On the other hand, in Ecuador nothing that happens in politics can be explained outside the acute onslaught of “lawfare” or judicialization of politics in progress. The political, judicial and media persecution is expressed in an intricate scenario of machinations that disrupt reality in function of a known objective: the achievement of neoliberalism and the triumph of the private interests that sustain it.
Paradoxically, the Movimiento Revolución Ciudadana, which is the political actor most affected by the ‘lawfare’ and which practically survives repeated attempts of proscription and political persecution, was the one that dared to open the way to propitiate a democratic solution attentive to popular demands. The parties of the traditional left, on the other hand, maintained a discreet participation or did not exhibit a public position, while the trade union centers limited their support to communiqués related to the mobilization.
According to the economist Magdalena León T “…The weakness of the political front has different expressions but it refers to the configuration that neoliberalism seeks at this level, so that market authoritarianism prevails. Politics suffers a constant siege, democratic institutionality is undermined, the public is captured according to the interests of capital, relevant political actors are surrounded and persecuted by various means. These common features in neoliberal contexts, are combined in Ecuador with the singular phenomenon of an ‘anticorreismo’ of all colors, which has implied a widespread, systematic, perverse attack, inasmuch as it adds sectors that put themselves on the tail of the elites and their interests, and which ratifies the tangible potential for transformation embodied by the Citizen Revolution. …It is under these conditions, that in spite of having a clear and consistent line with the confrontation to neoliberalism, an evident mobilized popular support and an important legislative block, it did not manage to shape the presidential impeachment proposal.”
The announced outcome and deferred solutions
The president, Guillermo Lasso, had the 18 days that the national strike lasted to respond to the demands of the mobilized country, but he did not do so, nor did he show up at the call of the National Assembly, but he did exacerbate the repression and rather showed a strategy of letting time pass, hoping that the people would give up due to attrition. And attrition was probable, above all because the most substantial part of the national mobilization rested on the indigenous and peasants, who abandoned their rural world to demand justice in the capital, but the retreat did not happen, but rather firmness and loyalty was perceived, above all from the grassroots.
Faced with the government’s inoperativeness, the Ecuadorian Episcopal Conference was called upon to assume a mediation role. Under this format, a peace agreement was signed and a dialogue agenda was established to be dealt with in 7 work tables, the results of which were deferred for a period of 90 days.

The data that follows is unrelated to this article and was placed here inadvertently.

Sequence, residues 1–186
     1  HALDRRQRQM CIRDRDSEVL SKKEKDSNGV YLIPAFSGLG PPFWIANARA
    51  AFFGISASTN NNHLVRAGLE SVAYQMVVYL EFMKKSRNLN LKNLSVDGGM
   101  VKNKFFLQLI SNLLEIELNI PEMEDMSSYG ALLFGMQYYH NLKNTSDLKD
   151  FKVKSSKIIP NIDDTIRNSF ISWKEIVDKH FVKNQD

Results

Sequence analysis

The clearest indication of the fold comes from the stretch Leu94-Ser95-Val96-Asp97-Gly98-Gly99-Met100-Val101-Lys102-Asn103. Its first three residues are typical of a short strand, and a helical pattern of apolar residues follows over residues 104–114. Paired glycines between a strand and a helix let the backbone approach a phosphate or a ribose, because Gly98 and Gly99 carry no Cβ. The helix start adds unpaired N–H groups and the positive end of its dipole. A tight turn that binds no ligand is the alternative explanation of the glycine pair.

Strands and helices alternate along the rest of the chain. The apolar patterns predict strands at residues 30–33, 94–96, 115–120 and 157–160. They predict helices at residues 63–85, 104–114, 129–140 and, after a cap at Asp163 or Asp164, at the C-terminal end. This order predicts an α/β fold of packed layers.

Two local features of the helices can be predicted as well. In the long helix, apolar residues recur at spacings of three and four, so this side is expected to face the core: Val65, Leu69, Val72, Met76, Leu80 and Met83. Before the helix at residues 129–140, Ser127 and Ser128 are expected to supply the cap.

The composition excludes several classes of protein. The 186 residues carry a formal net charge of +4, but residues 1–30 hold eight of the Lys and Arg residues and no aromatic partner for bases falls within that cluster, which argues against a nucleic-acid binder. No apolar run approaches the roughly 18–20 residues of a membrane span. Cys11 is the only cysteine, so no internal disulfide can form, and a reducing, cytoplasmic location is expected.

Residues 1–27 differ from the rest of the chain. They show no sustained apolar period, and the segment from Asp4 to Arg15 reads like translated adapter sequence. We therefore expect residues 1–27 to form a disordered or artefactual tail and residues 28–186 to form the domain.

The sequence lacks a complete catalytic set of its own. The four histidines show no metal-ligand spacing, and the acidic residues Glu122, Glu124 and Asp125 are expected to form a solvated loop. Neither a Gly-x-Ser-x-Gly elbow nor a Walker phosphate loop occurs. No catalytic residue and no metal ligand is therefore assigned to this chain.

Thanks to the popular mobilization, Decree 95 on oil management was repealed and the reform of Decree 151 on mining was committed, both of which have to do with the protection of ancestral territories and compliance with prior consultation. Some 20 mining megaprojects, especially those linked to metallic mining, already occupy 8% of the national territory and worse still, the extension of the oil zone and mega-mining are a key part of the executive’s ‘business plan’.
The mobilization achieved the declaration of an emergency for health, which has been seriously affected by the destruction of the public sector and the reduction of budgets. Likewise, price control was compromised, in view of the vertiginous speculation, fed by the dismantling of the control instances. One of the most sensitive points, the moratorium and renegotiation of personal and family debts, of great importance for rural people, whose levels of indebtedness to the financial sector, especially private, are directly proportional to the absence of economic and social policies, was postponed.
No form of reparation was included for the families of those who lost their lives. Nor was there any commitment not to prosecute the leaders of the strike or the mobilized people, which represents a great void in a context of judicialization of politics and human rights violations, even more so if, in the context of the disinformation campaign on the mobilization, the government made public a whimsical association between the Citizen Revolution and popular and indigenous movements with drug trafficking, crime and terrorism.
Current challenges and the future
A central accumulation of the national strike is the demonstration of strength, the capacity of mobilization, resistance and cohesion of an important group of organizations, around a common agenda that dialogues with the motivations of the people. A necessary step will be to maintain and expand this articulation, in terms of the future of an Ecuador that is being pushed towards a crisis of difficult return.
We are facing a complex scenario, mainly because the mechanisms to consolidate this extreme neoliberalism are activated by all means, including force. In the same days of the strike, contrary to the demands of ‘no privatization’ and even transgressing constitutional guidelines, the appeal to the auction of public goods, strategic resources and others was intensified. The “business plan”, which serves as the government’s line of action, is rapidly applied and, under the subterfuge of promoting investment, all the openings to free trade are underway, which operate contrary to the aspirations of strengthening national production, which is a decisive issue, for example, for the small and medium agriculture sector.